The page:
Social Media As A News Source
While it’s true that social media, specifically Facebook and Twitter, have become significant news sources in people’s lives, it doesn’t replace the original ones. In fact, it enhances them, as it’s mostly used as a sharing platform. According to a study conducted by the PewResearch Center, half of social networking site users are sharing or reposting news stories and images/videos from other news sources. The platforms aren’t being used to post original content; the news being shared comes from other sources such as online newspapers.

In a nutshell, the journalism industry is about sharing information- and that’s something that will never go out of style.

 

 

 

 

 

Brand Management: Jobs

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So what exactly can you do in brand management?

Branding is the ongoing process of creating, maintaining, and/or changing an image by strategically planning everything a brand says, does, or is involved in. It takes research, innovative and critical thinking, planning/development of creative campaigns, evaluation of campaign results, and more. As there are many layers to the process, brand management takes a team full of creative and committed people behind the scenes, and therefore employment opportunities continue to grow.

In the following industries, you could work in private, public, and non–profit settings: advertising, retail, services, information technology, telecommunications, and manufacturing.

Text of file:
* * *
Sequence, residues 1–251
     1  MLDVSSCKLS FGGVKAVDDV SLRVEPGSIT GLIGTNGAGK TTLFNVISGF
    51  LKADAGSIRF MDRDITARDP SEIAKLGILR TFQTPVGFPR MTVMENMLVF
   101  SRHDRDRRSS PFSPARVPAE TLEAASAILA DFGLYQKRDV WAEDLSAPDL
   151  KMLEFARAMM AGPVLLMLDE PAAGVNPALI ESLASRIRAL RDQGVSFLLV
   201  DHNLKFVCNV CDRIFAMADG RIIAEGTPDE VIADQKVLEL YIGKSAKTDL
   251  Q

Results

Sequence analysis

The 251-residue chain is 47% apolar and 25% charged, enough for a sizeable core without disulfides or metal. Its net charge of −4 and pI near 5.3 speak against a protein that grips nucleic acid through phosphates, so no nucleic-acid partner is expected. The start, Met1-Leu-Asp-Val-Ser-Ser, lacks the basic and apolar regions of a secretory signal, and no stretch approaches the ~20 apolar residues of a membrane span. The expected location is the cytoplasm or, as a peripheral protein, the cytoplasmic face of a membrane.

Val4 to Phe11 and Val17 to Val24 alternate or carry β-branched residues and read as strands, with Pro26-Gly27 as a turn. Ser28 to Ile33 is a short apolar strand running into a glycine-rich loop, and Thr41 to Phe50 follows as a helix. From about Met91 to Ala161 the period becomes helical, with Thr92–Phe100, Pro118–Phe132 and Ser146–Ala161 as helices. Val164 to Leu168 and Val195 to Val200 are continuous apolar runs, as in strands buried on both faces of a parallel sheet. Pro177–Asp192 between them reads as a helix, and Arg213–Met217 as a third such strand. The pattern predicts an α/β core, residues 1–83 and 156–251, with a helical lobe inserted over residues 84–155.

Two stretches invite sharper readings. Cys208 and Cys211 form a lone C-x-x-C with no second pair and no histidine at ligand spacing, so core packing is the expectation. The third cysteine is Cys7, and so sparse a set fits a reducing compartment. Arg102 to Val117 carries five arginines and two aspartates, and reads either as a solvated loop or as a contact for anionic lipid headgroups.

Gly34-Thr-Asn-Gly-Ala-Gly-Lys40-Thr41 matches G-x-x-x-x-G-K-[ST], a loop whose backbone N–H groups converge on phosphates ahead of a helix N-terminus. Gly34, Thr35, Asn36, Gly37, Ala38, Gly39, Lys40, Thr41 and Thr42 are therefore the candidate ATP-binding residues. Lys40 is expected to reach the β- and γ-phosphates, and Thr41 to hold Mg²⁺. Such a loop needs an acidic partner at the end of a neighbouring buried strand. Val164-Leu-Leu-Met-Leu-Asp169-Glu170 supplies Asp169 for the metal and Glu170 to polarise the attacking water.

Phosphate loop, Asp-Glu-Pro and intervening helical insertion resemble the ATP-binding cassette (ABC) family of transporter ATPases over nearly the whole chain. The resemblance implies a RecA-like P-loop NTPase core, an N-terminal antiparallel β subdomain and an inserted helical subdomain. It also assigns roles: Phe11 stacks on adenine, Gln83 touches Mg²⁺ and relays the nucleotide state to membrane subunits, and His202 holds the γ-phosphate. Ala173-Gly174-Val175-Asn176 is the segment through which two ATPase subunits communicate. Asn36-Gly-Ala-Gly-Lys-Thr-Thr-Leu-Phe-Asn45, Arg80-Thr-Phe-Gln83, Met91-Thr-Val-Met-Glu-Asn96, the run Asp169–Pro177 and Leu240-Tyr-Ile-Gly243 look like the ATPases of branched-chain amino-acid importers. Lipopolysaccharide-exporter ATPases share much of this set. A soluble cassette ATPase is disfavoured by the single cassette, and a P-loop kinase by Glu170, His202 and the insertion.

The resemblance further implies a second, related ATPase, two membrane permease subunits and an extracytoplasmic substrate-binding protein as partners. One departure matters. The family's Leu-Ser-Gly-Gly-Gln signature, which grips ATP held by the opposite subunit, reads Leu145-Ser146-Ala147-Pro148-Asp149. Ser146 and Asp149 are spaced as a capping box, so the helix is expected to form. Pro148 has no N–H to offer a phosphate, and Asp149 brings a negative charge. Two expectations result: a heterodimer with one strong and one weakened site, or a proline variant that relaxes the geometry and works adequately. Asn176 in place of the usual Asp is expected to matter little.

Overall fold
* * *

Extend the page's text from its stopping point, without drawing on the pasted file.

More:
Within these industries, you could find a position as a:

Strategist
• Brand Manager
• Assistant Brand Manager
• Brand Strategist
• Brand Marketing Manager
• Brand Implementation Manager
• Brand Strategy Manager
• Key Account Manager
• Product Manager

Brand management is a thriving and exciting field with a continuous growth of career
opportunities.

 

 

 

Brand Management: The Industry

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 Coca–Cola.

 What’s the first thing that comes to mind?

Is it the product itself? An experience? A feeling?

Whichever it may be, that’s branding.

It’s an exciting and innovative field in the marketing communications industry that is composed of many different aspects of marketing.

Creating, building, maintaining, and/or changing a brand image is what brand management is about. It’s the strategic marketing strategies that establish a position in the market and in the mind of consumers. It’s the behind–the–scenes of everything coming from a brand, from the name to the logo to campaign concepts to the type of content shared on social media. Everything a brand says, does, or is involved in, must adhere to and reflect the same values as one consistent image and voice in order to build a strong and respected brand position.